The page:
The deployment may also involve setting up any external storage that is needed by the cluster. Finally, the appropriate scheduler and applications need to be properly configured and deployed.
The cluster is now ready for basic validation. The vendor runs a suite of software specifically designed to test the nodes and the cluster, usually High Performance LINPACK (HPL). Alternatively these suites may be manufacturer-specific and shipped with the HPC stacks. For example, Intel offers its own cluster-specific requirements program called Intel Cluster Ready. Online validation applications are also available. In addition, tests may be requested by you and designed specifically for your particular use cases and applications.
Typically, the test first validates the nodes are functioning individually and then confirms they are operating together as a cluster. Some of the problems that may be identified during basic validation are memory issues within specific nodes or interconnect errors between nodes. Tools may be included in the suite to test each interconnect and data storage drive.
Often vendors complete their validation tests at this point. But I recommend additional validation and even benchmarking as part of the process. Once the basic cluster validation tests above have been completed, it is critical that the application setup be tested by having it submit jobs through the scheduler to make sure it will run on the cluster from end to end. Only at this point can you be confident your new cluster is fully up and running.
Some vendors will go the extra mile and perform benchmark tests to determine how efficiently the cluster is operating. An HPL benchmark, for example, measures the speed with which the HPC system arrives at solutions while performing real calculations. The results serve as a performance baseline for the cluster, and some vendors take advantage of this information to tweak the system – modify various settings – to squeeze greater power and speed from it.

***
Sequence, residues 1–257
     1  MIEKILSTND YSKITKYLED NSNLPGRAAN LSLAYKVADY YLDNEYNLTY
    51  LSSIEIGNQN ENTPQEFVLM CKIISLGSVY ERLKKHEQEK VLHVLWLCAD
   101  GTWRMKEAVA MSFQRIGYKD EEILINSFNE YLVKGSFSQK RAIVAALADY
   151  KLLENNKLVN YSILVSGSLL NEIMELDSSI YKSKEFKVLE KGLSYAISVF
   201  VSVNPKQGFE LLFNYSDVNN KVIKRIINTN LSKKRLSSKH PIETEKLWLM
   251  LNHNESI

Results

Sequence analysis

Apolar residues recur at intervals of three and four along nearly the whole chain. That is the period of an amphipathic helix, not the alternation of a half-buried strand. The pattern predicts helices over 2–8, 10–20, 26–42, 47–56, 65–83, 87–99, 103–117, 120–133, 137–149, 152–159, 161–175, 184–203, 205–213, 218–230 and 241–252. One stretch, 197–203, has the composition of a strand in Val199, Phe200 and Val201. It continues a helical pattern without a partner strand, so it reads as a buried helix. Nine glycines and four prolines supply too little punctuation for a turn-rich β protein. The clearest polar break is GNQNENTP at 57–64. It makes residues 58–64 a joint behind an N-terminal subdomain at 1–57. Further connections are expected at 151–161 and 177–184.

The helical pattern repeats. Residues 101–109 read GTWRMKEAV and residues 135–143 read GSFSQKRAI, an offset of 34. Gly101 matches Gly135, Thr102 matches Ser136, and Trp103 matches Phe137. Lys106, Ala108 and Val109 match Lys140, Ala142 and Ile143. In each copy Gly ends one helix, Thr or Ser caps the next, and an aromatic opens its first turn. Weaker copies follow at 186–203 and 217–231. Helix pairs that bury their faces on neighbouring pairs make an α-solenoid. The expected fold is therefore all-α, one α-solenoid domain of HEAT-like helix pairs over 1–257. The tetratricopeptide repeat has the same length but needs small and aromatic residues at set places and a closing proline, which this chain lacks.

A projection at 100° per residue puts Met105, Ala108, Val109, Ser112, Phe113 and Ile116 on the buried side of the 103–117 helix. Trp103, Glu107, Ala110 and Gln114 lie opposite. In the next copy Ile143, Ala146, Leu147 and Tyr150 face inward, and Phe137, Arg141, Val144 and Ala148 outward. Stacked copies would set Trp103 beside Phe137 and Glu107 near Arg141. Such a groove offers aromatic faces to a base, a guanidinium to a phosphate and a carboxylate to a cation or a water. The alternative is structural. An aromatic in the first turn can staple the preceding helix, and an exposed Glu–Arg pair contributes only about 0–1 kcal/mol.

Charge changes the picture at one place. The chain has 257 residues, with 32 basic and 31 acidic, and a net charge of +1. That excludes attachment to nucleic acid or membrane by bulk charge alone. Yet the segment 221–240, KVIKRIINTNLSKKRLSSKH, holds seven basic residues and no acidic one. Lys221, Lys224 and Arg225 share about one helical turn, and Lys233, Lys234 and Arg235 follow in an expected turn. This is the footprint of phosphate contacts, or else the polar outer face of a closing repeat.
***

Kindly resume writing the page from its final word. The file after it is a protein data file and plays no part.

Assuming issues were resolved during the validation and benchmark scores are acceptable, your HPC cluster is now ready for operation.
The total time required for deployment and validation will vary with the size of the system. A smaller cluster comprised of 16 or 32 nodes, for instance, may take a week to become operational, while a 200- to 300-node system may require a month or two depending on the complexity of the overall configuration and acceptance test requirements. These times may be shorter if the vendor performs much of the work offsite before delivery and installation at your facility.
Members of your internal IT group should be on hand during deployment and validation for several reasons. Ensuring the process proceeds as planned is important, and the team will understand how equipment is connected if they observe without getting in the way of the vendors. Most vendors are willing to have a ‘knowledge transfer’ session, but this is best left for the completion of deployment and validation so as not to slow down progress while work is underway.
Now it’s time to put your new HPC cluster to use and make sure it continues operating efficiently. I’ll cover “Proper Care and Feeding of Your Cluster” in the next column.
Deepak Khosla is president and CEO of X-ISS Inc.